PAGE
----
we can take this as evidence – since those people had nothing to gain by expressing that
love both in actions and words. We cannot expect to know Love till we earnestly seek it.
Love waits to be discovered by you why do you not seek it? Even suppose you do not find it
– will the search have done you any harm? In fact the old dictum often quoted by Zahurmian
holds true: “Search is never in vain”. The truth is that Love is a Gift given by the guide to the
sincere seeker – it is not the result of seeking itself.
     There is also the kind of thought that we can call analytic thought. Analytic thought learns
to make ever finer distinctions between things. This kind of thought used in its proper place
can be of value but it also loses sight of the unity of the whole too easily. We say “It can’t see
the forest for the trees”. The other kind of thought is synthetic it sees the relationships
between things rather than their differences. This too is valuable and can also be called
creative thought. According to Shah Wali Ullah an intelligent person is one who can think in
both modes at the same time.
     There is another kind of thought which is a deception too. It is the thought that always
defers things to some future date. Yes, it says, “I will seek for God or for Love when I have
time; when I am not so busy; when I am ready; at some point of time in the future.” That
future of course is a mirage and that search for God will become harder the longer you delay.
The future starts right here and right now! By all means have patience, it is the key to
success, but patience and delay are not the same thing.
     There are also two modes of thought which need to be carefully differentiated. One
comes from heavenly inspiration and the other comes from the impulses of our lower nature.
The real meaning of Trust in God (Tawakul) in our view is that we learn to place our trust in
divine inspirations and to ignore the base impulses from our lower nature. This takes some
practice and requires that we have sufficiently refined our sensitivity to distinguish between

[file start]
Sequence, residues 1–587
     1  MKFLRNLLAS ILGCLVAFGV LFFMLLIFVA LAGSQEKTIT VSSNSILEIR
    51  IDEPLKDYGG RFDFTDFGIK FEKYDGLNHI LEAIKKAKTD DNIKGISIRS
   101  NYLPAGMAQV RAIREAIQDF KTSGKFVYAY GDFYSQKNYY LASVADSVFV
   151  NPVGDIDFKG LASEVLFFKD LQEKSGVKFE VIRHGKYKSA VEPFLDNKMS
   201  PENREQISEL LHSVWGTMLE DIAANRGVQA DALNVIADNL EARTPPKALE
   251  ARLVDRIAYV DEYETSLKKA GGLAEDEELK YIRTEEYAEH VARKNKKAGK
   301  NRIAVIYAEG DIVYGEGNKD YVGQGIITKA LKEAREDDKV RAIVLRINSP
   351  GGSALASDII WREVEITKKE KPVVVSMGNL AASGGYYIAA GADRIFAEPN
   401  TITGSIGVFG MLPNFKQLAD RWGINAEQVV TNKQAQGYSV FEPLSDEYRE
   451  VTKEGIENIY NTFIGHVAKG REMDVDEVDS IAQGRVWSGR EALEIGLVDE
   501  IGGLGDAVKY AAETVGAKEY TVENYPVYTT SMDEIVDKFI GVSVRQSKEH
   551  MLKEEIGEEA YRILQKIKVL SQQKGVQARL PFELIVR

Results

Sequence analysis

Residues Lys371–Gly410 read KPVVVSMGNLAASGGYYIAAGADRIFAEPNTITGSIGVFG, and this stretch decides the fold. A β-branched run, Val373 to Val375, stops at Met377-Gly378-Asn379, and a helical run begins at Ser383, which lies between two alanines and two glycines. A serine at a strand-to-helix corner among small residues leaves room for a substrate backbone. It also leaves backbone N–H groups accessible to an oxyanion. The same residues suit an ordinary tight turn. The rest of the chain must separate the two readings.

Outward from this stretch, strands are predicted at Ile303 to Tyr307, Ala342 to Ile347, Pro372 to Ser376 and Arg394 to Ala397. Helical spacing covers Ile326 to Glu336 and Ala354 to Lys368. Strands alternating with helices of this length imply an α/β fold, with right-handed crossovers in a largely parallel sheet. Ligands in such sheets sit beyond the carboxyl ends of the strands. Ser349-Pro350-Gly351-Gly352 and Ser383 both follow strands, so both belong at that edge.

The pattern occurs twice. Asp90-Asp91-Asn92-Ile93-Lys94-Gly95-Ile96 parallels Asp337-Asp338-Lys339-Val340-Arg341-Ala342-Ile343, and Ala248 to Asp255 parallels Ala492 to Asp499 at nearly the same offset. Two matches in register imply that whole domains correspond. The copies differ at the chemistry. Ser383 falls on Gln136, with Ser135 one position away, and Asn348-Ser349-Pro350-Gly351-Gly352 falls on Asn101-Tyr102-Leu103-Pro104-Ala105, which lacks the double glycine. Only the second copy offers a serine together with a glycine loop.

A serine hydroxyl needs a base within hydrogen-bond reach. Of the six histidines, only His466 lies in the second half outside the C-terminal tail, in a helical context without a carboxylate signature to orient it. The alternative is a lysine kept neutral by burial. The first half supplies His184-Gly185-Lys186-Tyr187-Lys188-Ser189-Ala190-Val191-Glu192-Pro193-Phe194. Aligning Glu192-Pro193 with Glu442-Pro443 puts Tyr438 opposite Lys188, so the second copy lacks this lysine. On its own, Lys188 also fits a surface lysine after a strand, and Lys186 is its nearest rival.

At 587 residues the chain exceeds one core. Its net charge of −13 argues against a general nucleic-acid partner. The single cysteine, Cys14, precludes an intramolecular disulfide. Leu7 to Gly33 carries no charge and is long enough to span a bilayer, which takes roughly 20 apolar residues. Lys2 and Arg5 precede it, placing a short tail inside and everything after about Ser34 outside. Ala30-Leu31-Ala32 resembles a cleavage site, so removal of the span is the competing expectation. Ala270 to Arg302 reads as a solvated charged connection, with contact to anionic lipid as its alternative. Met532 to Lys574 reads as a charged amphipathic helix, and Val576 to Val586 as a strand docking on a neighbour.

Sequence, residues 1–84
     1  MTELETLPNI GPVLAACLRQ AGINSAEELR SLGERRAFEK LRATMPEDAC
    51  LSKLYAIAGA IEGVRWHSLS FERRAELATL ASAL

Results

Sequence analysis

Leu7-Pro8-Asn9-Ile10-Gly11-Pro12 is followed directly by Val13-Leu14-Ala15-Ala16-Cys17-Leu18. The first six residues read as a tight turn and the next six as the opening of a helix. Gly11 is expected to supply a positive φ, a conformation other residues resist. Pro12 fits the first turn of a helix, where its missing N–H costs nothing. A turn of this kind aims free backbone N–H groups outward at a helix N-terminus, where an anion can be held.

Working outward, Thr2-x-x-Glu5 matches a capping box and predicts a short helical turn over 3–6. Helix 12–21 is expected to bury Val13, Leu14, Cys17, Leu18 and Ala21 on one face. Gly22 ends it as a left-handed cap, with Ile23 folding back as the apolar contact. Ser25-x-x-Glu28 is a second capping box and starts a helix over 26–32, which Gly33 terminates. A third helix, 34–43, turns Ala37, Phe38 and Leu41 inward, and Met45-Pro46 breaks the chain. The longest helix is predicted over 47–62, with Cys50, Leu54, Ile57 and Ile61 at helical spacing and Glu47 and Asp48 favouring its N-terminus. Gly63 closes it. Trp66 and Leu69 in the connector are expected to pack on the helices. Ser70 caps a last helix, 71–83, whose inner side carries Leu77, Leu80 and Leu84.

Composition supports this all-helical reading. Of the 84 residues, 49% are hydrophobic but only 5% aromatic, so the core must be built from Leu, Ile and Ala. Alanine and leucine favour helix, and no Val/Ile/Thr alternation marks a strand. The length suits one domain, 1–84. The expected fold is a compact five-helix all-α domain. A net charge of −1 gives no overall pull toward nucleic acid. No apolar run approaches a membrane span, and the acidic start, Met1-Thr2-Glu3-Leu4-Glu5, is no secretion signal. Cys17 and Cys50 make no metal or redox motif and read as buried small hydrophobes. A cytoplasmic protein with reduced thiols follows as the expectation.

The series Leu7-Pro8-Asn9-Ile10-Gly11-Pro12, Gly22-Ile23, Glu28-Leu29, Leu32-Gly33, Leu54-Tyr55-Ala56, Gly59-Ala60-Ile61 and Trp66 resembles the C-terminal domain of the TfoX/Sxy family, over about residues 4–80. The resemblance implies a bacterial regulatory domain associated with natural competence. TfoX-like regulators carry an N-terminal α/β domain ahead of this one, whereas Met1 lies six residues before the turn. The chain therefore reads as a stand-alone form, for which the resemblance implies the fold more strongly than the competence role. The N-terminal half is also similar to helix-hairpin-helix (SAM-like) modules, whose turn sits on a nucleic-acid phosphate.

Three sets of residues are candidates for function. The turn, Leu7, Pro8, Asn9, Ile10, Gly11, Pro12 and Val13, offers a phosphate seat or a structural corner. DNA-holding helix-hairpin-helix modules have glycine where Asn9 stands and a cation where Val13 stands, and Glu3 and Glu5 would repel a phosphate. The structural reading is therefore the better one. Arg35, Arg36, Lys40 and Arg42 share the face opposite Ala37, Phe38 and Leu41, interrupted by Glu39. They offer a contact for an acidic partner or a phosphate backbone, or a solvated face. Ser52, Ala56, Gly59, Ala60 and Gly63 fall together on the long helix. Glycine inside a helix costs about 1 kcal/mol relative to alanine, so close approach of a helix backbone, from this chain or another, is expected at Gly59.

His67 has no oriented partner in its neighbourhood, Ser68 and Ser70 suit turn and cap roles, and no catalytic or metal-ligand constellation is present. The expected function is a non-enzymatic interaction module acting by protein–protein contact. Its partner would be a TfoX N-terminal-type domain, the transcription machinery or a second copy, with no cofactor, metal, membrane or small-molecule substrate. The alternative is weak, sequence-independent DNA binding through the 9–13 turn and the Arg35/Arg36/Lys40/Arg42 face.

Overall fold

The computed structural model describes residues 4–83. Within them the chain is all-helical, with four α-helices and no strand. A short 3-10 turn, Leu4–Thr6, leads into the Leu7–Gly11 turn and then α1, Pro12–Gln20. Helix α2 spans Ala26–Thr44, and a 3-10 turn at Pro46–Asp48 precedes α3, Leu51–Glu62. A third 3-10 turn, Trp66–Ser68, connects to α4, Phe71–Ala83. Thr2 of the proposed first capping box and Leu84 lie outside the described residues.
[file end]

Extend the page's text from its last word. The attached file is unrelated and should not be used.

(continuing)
the two – in practice they tend to be intertwined. The best way to be sure is to follow a
practice Zahurmian suggested. If you are not sure whether the thought regarding an action
is an angelic one or from your lower nature – delay in responding. An impulse will eventually
fade but an inspiration will continue. This is a really good application of patience. Patience
is hated by our animal or lower instincts but as Mevlana Rumi and many others have said –
“Patience is the key to success”.
     Now perhaps you understand when I tell you how important it is to take control of one’s
own thoughts. They are the workshop in which your future is created. Make it a bright future.
      This year we again went to Konya for the Urs of Mevlana Jalaluddin Rumi. On this
occasion, instead of travelling alone as usual, I was accompanied from Southampton by Asif
and also Ali Iqbal. Later we were joined by Husamuddin Dyson, also from Southampton. We
were met at the end of the bus journey from Istanbul to Konya by Hallit and his father
Abdullah.  What generous natured and good people, and what an example of the Turkish
tradition of hospitality! Hallit and his brother Halim was often with us during the following
days.  
     Once we were established in our respective hotels we began to meet the murids from
Iran. Maryam and her mother Shahla were there of course. During the stay Shahla was like
a recording angel always nearby to write down whatever I might say. Maryam was
extraordinary – translating from my English into Farsi as quickly as I spoke throughout the
whole trip. Nargis from Kirman arrived early with Maryam from Tehran. Nargis was so keen
to get to Konya that she left her house without her passport. Thankfully the problem was
resolved. Nargis is very devoted. Despite freezing cold weather she sat outside my hotel
entrance at 6 am in the morning waiting for me. A passerby took her for a beggar and gave
her ten Turkish Lira!  
     Of course there was an underlying note of
sadness to the trip this year – since less than a
month before, Ali Baba, the head of the Dergah we